Arctic seed monkeys in publicity storm

Some people have all the fun. Reporter Louise Roug, of the Los Angeles Times, has clearly had a blast writing a major feature on the Global Crop Diversity Trust’s “doomsday vault” on Svalbard, above the Arctic Circle. She has it all: glaciers and frozen wilderness; airlocks, steel-reinforced doors and a video-monitoring system; more aggressive farming methods, environmental degradation and changing weather patterns; quotes from senior science coordinators with the Trust.

She also, this being modern journalism, has contrary opinions. To provide balance. So the director of one NGO is reported as saying that the Arctic seed vault “tends to divert attention, energy and money away from what we consider as much more urgent and sustainable efforts to save biodiversity on the farm”.

Now I happen to think that he is a fine fellow, and that his NGO does great work, but this really isn’t fair. People have been plugging away at preserving biodiversity on farms for ages, without getting anyone interested to the tune of US$30 million. I really do not think that the people giving money to the Trust wanted to give much to on-farm conservation; they have had ample opportunity to do so, but have not. So for me there’s no competition between the Arctic vault and other efforts to conserve agricultural biodiversity. The worry is that people will imagine that the Vault makes everything alright. It doesn’t. It is essentially an insurance policy. Other genebanks will still be needed, and on farm conservation will still be needed.

But farmers are not fools. They do not preserve and grow diversity because it pleases some NGO, or even BINGO. The stuff they grow has to earn its keep. In the southern Altiplano of Bolivia, where there is a minor boom in growing quinoa for the market, poor farmers are happily abandoning the diversity they have nurtured for generations in order to focus on the one or two varieties that the market wants. Their quinoa diversity is preserved in a local genebank. Maybe next year some of it will even find its way to the land of polar bears and mysterious celestial green lights. Right now, it seems to be of no value to the farmers. But when they want it back, it will be there, waiting for them.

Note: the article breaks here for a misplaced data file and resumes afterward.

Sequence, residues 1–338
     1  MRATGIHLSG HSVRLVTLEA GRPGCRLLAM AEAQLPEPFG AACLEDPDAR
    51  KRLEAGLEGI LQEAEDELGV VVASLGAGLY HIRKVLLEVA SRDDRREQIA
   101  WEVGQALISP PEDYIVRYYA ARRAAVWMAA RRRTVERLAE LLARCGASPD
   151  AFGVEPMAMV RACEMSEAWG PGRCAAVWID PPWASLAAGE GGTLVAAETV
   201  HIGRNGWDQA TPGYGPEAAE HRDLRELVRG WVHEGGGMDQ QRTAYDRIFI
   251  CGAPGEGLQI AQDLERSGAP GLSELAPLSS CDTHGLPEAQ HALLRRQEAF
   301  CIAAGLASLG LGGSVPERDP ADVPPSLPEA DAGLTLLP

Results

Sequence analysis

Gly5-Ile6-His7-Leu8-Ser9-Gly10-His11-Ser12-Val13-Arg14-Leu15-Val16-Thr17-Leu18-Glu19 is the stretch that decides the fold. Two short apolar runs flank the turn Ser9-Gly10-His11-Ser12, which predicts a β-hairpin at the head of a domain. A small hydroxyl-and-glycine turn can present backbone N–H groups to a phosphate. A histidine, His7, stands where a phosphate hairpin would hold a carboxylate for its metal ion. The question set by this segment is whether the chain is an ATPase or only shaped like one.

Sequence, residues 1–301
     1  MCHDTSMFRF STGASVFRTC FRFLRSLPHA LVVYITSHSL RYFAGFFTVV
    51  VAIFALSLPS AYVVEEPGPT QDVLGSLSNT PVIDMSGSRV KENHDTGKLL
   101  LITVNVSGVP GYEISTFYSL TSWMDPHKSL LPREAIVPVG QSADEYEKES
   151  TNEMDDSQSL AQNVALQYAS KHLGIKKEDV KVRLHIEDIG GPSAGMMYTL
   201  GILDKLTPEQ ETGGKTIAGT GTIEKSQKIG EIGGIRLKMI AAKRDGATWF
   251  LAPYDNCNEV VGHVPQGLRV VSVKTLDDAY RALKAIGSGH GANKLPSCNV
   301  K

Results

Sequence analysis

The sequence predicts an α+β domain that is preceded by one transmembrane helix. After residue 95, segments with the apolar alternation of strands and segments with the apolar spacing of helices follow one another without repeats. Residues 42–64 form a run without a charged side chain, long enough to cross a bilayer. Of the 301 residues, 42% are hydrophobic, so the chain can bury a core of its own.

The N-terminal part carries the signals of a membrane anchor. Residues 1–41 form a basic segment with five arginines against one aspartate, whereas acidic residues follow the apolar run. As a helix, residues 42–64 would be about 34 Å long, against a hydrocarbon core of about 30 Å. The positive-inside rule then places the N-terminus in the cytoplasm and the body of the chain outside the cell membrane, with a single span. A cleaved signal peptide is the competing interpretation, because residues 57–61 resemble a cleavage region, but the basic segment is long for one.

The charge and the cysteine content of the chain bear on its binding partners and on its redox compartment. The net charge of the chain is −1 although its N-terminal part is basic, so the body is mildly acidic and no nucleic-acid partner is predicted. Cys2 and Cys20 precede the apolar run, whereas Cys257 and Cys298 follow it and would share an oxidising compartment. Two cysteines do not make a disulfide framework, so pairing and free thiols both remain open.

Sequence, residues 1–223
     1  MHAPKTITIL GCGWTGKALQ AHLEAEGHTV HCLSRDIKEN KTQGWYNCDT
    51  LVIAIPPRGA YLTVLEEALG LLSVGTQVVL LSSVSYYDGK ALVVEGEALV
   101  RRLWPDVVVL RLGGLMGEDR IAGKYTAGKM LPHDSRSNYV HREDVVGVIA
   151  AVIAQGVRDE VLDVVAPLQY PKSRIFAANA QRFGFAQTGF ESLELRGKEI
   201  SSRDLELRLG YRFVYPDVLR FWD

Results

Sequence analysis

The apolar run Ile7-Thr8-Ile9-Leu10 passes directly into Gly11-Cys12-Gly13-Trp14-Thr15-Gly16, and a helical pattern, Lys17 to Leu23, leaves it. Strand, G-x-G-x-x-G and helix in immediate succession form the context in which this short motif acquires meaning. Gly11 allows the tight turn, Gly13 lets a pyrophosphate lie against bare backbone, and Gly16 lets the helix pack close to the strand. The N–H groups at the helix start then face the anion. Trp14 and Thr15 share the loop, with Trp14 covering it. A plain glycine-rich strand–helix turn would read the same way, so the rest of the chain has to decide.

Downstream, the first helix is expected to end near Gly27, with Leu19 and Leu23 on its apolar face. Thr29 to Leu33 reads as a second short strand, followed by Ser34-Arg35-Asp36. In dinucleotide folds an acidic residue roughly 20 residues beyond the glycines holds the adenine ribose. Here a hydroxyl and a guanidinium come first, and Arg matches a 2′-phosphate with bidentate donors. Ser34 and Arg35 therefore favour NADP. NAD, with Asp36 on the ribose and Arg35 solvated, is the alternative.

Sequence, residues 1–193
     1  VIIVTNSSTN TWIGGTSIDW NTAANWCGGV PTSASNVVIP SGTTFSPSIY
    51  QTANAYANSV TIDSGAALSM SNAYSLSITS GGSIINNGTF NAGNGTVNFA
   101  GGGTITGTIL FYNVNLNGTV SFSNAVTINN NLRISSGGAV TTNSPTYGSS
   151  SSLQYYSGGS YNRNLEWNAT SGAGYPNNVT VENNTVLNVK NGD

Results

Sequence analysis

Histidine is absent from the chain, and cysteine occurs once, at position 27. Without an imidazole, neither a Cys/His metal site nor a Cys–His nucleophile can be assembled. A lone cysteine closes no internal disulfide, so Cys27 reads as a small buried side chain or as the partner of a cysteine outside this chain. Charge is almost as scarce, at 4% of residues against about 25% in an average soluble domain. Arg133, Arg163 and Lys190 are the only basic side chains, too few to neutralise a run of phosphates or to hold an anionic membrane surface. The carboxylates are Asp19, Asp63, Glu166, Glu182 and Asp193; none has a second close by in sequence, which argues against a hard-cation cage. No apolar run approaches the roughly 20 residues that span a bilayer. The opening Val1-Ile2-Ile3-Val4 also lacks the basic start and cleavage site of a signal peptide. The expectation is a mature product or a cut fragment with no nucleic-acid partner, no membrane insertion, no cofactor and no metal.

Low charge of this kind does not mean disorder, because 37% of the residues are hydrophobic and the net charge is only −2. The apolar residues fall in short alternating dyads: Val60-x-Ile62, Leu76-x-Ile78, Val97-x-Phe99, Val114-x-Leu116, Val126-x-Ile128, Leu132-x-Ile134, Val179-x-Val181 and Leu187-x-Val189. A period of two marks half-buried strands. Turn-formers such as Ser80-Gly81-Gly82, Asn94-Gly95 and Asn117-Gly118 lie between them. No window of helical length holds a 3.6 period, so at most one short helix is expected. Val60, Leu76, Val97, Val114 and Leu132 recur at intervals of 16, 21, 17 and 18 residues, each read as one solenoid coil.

4 Replies to “Arctic seed monkeys in publicity storm”

  1. The 90s were all about in situ, including on farm, and a ton of money was spent on that approach. That didn’t happen for ex-situ, which was why the Trust was needed. The thing that I find irritating is that instead of being inspired by the Trust’s success to go out and launch similar sorts of efforts for non-Annex 1 crops or in-situ, people just gripe about how the Trust should also be doing this that and the other. We saw some of that at the Governing Body meeting this week.

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